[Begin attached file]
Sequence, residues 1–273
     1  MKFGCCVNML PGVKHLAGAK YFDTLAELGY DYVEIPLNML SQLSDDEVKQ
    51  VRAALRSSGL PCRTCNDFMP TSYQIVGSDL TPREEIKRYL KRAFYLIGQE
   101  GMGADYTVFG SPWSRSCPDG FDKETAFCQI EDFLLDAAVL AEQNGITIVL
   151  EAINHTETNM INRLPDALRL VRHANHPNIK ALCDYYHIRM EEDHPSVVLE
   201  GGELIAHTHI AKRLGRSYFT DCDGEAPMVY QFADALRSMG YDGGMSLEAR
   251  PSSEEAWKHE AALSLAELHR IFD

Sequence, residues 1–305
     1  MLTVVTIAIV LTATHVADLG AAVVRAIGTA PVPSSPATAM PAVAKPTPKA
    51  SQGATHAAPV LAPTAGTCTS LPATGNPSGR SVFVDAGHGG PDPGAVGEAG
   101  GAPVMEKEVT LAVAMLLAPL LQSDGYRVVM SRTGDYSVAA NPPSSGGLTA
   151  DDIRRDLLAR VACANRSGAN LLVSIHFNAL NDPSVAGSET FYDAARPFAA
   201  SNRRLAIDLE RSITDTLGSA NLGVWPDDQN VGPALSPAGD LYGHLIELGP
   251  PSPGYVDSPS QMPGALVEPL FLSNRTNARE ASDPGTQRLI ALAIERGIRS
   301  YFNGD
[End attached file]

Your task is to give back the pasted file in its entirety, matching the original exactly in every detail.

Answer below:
Sequence, residues 1–273
     1  MKFGCCVNML PGVKHLAGAK YFDTLAELGY DYVEIPLNML SQLSDDEVKQ
    51  VRAALRSSGL PCRTCNDFMP TSYQIVGSDL TPREEIKRYL KRAFYLIGQE
   101  GMGADYTVFG SPWSRSCPDG FDKETAFCQI EDFLLDAAVL AEQNGITIVL
   151  EAINHTETNM INRLPDALRL VRHANHPNIK ALCDYYHIRM EEDHPSVVLE
   201  GGELIAHTHI AKRLGRSYFT DCDGEAPMVY QFADALRSMG YDGGMSLEAR
   251  PSSEEAWKHE AALSLAELHR IFD

Sequence, residues 1–305
     1  MLTVVTIAIV LTATHVADLG AAVVRAIGTA PVPSSPATAM PAVAKPTPKA
    51  SQGATHAAPV LAPTAGTCTS LPATGNPSGR SVFVDAGHGG PDPGAVGEAG
   101  GAPVMEKEVT LAVAMLLAPL LQSDGYRVVM SRTGDYSVAA NPPSSGGLTA
   151  DDIRRDLLAR VACANRSGAN LLVSIHFNAL NDPSVAGSET FYDAARPFAA
   201  SNRRLAIDLE RSITDTLGSA NLGVWPDDQN VGPALSPAGD LYGHLIELGP
   251  PSPGYVDSPS QMPGALVEPL FLSNRTNARE ASDPGTQRLI ALAIERGIRS
   301  YFNGD